Genomic leap for coho salmon

A GENOMIC tool that can help improve growth rates and disease resistance in coho salmon has been developed by researchers in Chile.
The new tool, a so-called SNP-chip, is based on whole-genome sequencing of animals from the coho breeding population of AquaGen Chile, established on the basis of superior strains of domesticated coho acquired by AquaGen Chile between 2013 and 2014.
The significant step for the Chilean salmon aquaculture was achieved utilising the recently published genome references for Atlantic salmon and rainbow trout.
Researchers were able to define a set of SNPs (genetic markers) that captures the variation within the coho genome in a more precise manner.
The SNP-chip will serve as a tool for future studies of the coho salmon, strengthening the ability of the coho to cope with diseases and other challenges, while also increasing general knowledge of the species biology.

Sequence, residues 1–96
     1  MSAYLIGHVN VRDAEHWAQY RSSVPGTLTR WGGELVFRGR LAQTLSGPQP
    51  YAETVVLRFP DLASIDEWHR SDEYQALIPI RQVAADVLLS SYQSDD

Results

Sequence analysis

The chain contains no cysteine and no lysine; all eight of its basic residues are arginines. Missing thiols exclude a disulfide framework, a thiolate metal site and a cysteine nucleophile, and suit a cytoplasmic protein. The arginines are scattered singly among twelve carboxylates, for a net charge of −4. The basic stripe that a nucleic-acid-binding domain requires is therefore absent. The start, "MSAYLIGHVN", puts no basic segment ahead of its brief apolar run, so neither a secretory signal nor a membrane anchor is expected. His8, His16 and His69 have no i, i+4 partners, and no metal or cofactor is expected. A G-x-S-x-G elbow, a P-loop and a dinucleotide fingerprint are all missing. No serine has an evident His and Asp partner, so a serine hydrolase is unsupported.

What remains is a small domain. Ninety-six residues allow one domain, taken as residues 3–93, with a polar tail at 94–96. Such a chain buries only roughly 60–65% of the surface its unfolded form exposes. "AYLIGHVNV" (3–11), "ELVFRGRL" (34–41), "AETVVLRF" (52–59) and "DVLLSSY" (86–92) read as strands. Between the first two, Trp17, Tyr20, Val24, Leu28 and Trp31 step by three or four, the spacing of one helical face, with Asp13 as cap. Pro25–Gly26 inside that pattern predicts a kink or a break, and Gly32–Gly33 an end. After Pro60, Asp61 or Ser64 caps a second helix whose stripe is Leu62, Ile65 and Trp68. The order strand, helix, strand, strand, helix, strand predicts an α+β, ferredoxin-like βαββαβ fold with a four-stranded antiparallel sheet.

The scientific breakthrough was the result of a collaboration between the University of Chile, AquaGen Chile and other partners.
Dr Matias Medina, general manager of one of the collaborators, Blue Genomics Chile, said: ‘This is a significant step for the Chilean salmon aquaculture.
‘With the development of this SNP-chip, Blue Genomics Chile is demonstrating the importance of the application of cutting edge research in the development of a more sustainable aquaculture in Chile.
‘Specifically, by using this new tool, AquaGen Chile will now be able to be more precise in the selection of broodstock with certain characteristics.
‘For instance, existing data and new experiments can now be analysed for the identification of less susceptible fish to SRS and a more precise selection will be possible using either gene markers and/or genomic selection.
‘The application of these two potential strategies set AquaGen in the frontier of existing breeding techniques for coho salmon.’
Dr Thomas Moen, research director in AquaGen Norway, said: ‘We made good use of our earlier experiences from Atlantic salmon and rainbow trout when we made this SNP-chip.
‘Also, the published reference genome sequence for Atlantic salmon and rainbow trout were crucial resources in the process – without those reference genomes we would not have succeeded.
‘SNP-chips have led to entirely new possibilities in selective breeding and also to ground-breaking insights into salmonid biology.’